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Six Must Read Classic Books

Updated on February 7, 2016

Classics are like the scent of a perfume. The fragrance lingers for days to months after the read. There are many books that were published in yesteryears that have a great significance in the modern era. So if you haven't paid attention in your high school English class, the below-mentioned classics are worth reading or re-reading.

Must Read Classic Books


Six Must Read Classics

  1. Emma (1815): A novel by Jane Austen. Emma Woodhouse, the protagonist of the story is a high-spirited, slightly spoilt young woman in her twenties, who takes delight in making matches for others. Though mature in many ways, she is naive, inexperienced and overestimates her abilities. She commits blunders mainly due to her conviction that she is always right. She is unaware of the risks and repercussions of poking nose in others lives, and her imagination and perceptions (probably delusions) often lead her astray.
  2. Gone With The Wind (1936): This is a fiction novel written by Margaret Mitchell. The story belongs to the American Civil War and Reconstruction Era. It describes the struggle of young Scarlett O' Hara, the rich spoilt daughter of a well-to-do plantation owner. It is based on the life and experiences of the lead character, as she ages from sixteen to twenty-eight years, who is bound and determined to shove off poverty from her life, for which she uses every possible means and tactic. Read this novel when you feel depressed and disheartened constantly facing setbacks, for that extra bump of determination.
  3. Little Women (1868): A novel by Louisa May Alcott that was published in two volumes in 1868 and 1869. It revolves around the lives of four sisters - Meg, Jo, Beth and Amy March - detailing their journey from childhood to womanhood. The story explores the many roles of women by allowing each one to take a different path. Meg and Jo go out for work, Beth helps around the house, and Amy attends school. Alcott has a way of telling her story so that the reader is smitten with all her characters. She lets you explore themes of duty versus individual growth.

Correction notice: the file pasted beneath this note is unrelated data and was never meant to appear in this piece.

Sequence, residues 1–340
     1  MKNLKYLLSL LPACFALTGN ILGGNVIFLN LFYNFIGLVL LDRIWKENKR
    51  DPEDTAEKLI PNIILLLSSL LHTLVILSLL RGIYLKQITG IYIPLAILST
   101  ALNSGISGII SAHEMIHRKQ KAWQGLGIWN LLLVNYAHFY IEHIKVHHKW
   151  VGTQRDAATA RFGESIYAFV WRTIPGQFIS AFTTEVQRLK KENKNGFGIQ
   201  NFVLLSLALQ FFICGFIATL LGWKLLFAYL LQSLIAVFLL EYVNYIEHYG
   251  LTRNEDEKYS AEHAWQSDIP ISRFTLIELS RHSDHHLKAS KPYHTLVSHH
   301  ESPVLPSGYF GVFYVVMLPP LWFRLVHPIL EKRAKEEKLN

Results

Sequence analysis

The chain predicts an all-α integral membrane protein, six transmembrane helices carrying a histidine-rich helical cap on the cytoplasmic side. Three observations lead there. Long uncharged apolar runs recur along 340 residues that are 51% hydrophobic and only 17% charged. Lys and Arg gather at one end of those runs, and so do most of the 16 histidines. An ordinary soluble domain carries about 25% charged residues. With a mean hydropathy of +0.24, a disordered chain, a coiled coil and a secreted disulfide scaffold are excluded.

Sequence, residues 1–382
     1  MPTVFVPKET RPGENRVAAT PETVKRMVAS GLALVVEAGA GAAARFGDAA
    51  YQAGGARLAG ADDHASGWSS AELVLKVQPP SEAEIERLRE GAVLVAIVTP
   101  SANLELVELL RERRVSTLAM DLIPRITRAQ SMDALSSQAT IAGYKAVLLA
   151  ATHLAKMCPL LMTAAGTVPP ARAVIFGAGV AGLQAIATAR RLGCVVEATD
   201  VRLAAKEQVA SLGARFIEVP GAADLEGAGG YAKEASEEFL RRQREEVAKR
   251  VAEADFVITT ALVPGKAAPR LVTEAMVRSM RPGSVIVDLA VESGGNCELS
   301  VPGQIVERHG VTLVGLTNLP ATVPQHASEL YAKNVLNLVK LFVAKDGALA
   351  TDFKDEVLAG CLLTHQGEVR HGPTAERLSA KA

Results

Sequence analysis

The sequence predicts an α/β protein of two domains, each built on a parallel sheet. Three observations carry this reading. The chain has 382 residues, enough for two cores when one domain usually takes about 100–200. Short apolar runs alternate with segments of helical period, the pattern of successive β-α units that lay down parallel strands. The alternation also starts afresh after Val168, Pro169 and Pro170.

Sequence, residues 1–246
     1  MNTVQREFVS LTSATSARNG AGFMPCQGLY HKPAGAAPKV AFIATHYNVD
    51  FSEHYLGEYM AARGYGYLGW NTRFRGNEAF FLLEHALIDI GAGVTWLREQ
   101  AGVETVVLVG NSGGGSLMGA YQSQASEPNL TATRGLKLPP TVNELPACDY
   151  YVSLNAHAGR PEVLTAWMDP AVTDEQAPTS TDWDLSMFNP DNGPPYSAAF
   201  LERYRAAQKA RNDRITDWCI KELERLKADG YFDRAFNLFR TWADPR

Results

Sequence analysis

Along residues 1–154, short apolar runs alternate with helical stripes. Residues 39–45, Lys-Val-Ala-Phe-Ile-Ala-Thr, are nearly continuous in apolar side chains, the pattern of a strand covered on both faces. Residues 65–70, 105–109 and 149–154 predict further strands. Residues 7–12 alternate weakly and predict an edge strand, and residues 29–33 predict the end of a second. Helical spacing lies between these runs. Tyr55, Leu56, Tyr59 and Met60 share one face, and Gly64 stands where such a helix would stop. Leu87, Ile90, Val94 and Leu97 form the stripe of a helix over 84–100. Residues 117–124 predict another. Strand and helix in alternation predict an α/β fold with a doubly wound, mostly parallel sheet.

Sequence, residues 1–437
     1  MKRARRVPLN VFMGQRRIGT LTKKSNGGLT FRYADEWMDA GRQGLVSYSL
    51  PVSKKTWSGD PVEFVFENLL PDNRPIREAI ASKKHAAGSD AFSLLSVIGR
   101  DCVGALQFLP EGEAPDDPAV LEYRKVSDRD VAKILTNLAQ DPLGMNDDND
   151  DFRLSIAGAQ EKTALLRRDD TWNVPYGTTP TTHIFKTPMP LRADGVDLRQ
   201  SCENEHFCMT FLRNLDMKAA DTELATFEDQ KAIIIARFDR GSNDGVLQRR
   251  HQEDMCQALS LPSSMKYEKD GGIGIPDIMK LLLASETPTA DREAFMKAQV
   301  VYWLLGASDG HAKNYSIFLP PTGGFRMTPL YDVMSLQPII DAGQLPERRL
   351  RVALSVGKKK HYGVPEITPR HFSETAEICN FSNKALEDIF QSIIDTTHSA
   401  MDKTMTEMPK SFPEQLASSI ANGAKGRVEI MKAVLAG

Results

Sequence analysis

4. A Tree Grows In Brooklyn (1943): A novel by Betty Smith, it is spread into five volumes, each covering a different period in the characters' lives. It is a heart-warming, coming-of-age story of the young idealistic, impoverished but aspirational Francie Nolan and her family, as she grows up in the slums of Williamsburg, Brooklyn during the early 20th century. She is a sweet narrator who relies on her imagination and a passion for reading to provide a temporary escape from poverty. Francie shares a great admiration for her father and wishes for an improved relationship with her mother. The story traces her desires and the way she faces the horrors of life, battling assaults, loneliness and an effort to survive despite her environment.
  5. The Color Purple (1982): A novel by Alice Walker that is set in rural Georgia. Walker paints the horrifying, yet realistic account of a young, uneducated, teenage slave girl who suffers oppression all her life. She later learns to write letters to god and develops the strength to survive and let go of the past, after discovering that her life is worth much more.
  6. The Grapes Of Wrath (1939): A novel by John Steinback set during the Great Depression, it focusses on the life of a poor family of tenant farmers driven from their Oklahoma home by drought and economic hardships. It describes their journey through the Dust Bowl towards California, and the way they battle hunger, lack of employment and failures.


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    • Jonas Rodrigo profile image

      Jonas Rodrigo 2 years ago

      I've read Little Women when I was about 13 years old and it was one of my favorite books. I've changed a lot since then but would very much like to read it again because I believe it's story is timeless.